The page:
How to Perceive Without Sight

How is it that we construct our reality? What is it we think we know, and what do we actually know? These are questions that led Columbia University neuroscientist Jacqueline Gottlieb to a career studying attention, decision-making, and curiosity. And at Saturday’s Brainwave event at the Rubin Museum of Art in NYC, we learned how these questions were addressed by someone who lost his sight at age 25.

At “How to Perceive Without Sight,” Gottlieb spoke with entrepreneur Isaac Lidsky, who was diagnosed with retinitis pigmentosa, a degenerative disease of the retina, at age 12. Prior to losing his vision, he already had achieved status as a child actor, lawyer, Supreme Court clerk, and a successful business owner. But when he lost his sight in early adulthood, he had to overcome depression and learn to shift his attention to his remaining senses to navigate the world around him.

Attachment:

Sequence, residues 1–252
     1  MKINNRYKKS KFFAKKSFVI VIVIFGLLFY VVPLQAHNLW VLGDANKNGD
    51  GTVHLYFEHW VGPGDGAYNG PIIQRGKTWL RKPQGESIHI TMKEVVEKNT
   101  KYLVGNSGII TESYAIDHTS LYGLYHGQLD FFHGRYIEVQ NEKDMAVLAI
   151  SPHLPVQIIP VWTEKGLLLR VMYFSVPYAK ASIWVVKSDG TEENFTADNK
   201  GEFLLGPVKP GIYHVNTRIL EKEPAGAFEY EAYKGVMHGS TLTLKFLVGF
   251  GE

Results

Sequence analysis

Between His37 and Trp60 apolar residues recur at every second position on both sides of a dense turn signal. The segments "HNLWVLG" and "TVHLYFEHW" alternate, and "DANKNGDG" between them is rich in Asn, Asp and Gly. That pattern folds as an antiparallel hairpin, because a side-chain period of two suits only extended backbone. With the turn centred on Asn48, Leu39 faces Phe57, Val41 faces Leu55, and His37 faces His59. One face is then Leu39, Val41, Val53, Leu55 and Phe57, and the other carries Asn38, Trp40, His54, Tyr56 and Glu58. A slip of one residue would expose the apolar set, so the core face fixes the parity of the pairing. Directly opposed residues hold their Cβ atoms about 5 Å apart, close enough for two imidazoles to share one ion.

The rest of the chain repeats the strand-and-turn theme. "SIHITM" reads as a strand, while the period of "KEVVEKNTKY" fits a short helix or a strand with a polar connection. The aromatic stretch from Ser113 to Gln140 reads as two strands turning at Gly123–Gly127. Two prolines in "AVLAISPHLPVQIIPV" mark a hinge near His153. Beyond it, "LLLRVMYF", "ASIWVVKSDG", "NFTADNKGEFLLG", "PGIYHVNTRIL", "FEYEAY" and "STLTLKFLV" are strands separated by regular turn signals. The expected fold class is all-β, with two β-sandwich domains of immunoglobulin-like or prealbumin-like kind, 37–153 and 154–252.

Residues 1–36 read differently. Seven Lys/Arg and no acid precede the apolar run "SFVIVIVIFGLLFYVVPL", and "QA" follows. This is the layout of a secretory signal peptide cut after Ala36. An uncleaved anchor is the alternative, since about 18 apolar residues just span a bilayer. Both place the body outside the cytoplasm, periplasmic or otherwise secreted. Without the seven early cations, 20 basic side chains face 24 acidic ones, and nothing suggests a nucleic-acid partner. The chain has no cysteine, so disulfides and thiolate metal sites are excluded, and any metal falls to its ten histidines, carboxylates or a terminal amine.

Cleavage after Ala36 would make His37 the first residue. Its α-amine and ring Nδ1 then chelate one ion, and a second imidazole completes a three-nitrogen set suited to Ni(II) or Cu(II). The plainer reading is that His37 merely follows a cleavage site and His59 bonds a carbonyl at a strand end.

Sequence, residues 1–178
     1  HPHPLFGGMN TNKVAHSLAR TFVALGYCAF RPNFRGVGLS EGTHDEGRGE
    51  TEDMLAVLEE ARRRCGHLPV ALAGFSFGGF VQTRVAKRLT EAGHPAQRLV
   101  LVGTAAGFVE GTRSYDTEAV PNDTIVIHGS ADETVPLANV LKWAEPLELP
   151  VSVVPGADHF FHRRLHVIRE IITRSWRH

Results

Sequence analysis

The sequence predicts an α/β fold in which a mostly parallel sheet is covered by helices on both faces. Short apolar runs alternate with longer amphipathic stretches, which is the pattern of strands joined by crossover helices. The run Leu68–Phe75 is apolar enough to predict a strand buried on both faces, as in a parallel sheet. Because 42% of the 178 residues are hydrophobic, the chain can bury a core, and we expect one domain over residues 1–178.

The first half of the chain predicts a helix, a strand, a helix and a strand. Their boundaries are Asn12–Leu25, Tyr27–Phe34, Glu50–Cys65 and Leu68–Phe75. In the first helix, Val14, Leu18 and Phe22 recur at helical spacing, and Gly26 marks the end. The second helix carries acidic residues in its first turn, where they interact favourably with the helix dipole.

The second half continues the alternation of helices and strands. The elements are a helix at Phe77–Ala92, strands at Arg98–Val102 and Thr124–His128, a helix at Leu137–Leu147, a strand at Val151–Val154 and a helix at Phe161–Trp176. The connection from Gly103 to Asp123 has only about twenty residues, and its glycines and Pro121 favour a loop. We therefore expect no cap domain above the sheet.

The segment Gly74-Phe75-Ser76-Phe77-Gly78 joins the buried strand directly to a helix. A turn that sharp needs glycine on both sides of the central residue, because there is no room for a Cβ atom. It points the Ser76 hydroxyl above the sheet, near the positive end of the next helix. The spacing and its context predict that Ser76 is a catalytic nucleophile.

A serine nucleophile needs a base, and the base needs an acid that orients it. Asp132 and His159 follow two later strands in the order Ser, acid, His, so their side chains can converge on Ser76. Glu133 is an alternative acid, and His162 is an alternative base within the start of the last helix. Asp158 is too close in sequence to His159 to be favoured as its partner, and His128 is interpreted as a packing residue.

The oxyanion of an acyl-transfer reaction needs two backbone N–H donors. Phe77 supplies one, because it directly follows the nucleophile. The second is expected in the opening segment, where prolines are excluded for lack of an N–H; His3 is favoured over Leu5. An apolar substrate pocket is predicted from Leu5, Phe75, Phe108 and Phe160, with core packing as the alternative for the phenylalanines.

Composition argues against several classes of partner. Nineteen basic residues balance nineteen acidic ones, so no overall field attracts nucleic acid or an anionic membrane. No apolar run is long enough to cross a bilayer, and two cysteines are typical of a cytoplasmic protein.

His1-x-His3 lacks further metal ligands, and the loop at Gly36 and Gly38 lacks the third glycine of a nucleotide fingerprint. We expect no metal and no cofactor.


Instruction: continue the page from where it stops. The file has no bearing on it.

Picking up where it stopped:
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Isaac Lidsky, photo courtesy of the Rubin Museum of Art

“It was an eye-opening process,” quipped Lidsky, who came to realize that his other senses provided him with “phenomenal” information. Rather than passively observing the world through sight as before, he now had to make a conscious effort to pay more attention to that other information.

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A Tasty Program at the Rubin